James Brindley’s 1777 tunnel is in the centre of the picture and has been impassable since early last century. Thomas Telford built the one we use today, completing it in 1827. There’s also a redundant railway tunnel through the hill, 40 feet higher than the canal tunnels.

We followed Chas and Ann round the corner at Hardings Wood Junction, left first then two rights, taking the branch over the top of the Trent and Mersey main line above Pools Locks.

Moore2Life turning left under the junction bridgeSAM_4892 Hardings Wood

Note the use of “branch”, and “main line”. Although now considered part of the Macclesfield Canal, this short length of about a mile to Hall Green Stop Lock was built by the Trent and Mersey Canal Company as the Hall Green Branch, making an end-on connection with the later canal. They were canny, the T&M directors. Using this method, they were able to control water supplies and tolls on their very lucrative venture.
They did the same at Middlewich, on a smaller scale. They built the 51 yard long Wardle Canal to link up with the Middlewich branch of the Shropshire Union Canal.

On the last right hand bend we passed Red Bull Services, almost exactly a year later than when Seyella was having cosmetic surgery on her nether regions. I’m pleased to report that the blacking has stayed on this time!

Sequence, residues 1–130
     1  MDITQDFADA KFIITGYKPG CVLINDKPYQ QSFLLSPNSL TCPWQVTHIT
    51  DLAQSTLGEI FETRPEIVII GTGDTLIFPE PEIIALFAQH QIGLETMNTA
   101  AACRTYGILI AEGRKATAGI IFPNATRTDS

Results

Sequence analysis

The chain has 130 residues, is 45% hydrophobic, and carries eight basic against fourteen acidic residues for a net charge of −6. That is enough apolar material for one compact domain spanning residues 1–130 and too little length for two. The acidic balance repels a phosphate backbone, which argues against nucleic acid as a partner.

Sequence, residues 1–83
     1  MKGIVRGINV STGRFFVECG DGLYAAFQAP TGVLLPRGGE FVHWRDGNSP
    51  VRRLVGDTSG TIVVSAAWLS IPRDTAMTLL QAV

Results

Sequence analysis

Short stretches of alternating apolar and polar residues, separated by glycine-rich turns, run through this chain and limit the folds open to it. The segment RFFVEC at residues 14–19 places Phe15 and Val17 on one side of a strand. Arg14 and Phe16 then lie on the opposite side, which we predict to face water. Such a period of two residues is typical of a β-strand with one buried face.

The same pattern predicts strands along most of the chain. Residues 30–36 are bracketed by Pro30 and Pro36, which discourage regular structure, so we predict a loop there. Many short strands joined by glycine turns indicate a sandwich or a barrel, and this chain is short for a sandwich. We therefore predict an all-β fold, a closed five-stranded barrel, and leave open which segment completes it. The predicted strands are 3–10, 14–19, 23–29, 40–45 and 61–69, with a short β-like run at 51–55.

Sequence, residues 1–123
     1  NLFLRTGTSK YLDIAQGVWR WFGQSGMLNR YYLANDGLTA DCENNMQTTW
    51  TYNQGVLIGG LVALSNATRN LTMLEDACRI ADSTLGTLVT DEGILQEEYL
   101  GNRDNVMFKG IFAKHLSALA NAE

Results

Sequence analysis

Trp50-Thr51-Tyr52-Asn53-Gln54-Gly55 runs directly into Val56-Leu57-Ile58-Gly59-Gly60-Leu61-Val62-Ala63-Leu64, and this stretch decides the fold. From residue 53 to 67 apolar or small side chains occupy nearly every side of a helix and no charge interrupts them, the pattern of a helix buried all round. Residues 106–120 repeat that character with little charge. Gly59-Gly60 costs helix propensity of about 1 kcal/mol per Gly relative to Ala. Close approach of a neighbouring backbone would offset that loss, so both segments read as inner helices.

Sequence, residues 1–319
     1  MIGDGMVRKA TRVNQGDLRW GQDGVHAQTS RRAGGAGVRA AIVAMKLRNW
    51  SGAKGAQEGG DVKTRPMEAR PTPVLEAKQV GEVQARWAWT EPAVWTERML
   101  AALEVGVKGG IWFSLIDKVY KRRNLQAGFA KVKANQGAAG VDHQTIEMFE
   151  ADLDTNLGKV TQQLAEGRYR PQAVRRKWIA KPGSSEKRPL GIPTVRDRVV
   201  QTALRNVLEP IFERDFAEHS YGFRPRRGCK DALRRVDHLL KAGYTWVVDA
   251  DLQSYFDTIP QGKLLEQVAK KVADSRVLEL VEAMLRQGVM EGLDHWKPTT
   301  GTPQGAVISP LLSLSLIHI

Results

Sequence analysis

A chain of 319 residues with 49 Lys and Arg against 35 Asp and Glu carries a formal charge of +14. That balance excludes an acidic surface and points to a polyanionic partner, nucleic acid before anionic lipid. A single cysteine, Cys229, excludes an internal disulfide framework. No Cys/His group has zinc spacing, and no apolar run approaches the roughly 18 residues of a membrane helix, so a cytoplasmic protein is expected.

Mooring up just past Pools Aqueduct
SAM_4896 Aqueduct moorings

After a trip to Tesco’s and dog walking duty I set to and sawed up some of the branches on the roof, reducing the heap to maybe just over half. More in the morning, I guess.

I spoke to Brian on fuel boat NB Alton earlier, as we’ll both be looking for a top up at some point. They’re up at the Boat Museum, Ellesmere Port, this weekend for the historic boat gathering, then will be heading back to base at Oak Grove, near Macclesfield. Leaving the museum on Monday, they expect to be home on Wednesday. They don’t hang about, do they!

Thanks, Nev, for your comment on yesterday's post. I enjoyed researching that, but doing so revealed that I barely scratched the surface of the network in and around the Potteries. More to do, I reckon.

Locks 0, miles 3½

Wednesday, March 27, 2013

Any port in a (snow) storm.

There’s been plenty to choose from as we headed through Stoke today. Newport, Middleport, Longport and finally Westport where we washed up for the night. And as you may have guessed, we’ve been dogged by flurries of snow all day.